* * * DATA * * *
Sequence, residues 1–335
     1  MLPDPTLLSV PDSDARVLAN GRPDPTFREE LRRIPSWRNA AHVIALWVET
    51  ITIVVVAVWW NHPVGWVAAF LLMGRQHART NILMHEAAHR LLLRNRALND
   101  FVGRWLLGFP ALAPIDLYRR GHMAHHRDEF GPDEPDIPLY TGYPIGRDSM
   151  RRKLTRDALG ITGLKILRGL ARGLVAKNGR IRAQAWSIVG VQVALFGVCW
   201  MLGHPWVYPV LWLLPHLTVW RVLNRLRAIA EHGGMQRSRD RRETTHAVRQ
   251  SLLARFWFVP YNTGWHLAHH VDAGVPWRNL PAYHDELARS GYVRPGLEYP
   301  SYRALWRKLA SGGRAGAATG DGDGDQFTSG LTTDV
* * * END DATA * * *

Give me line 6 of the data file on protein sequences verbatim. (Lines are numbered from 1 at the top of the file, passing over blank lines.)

   201  MLGHPWVYPV LWLLPHLTVW RVLNRLRAIA EHGGMQRSRD RRETTHAVRQ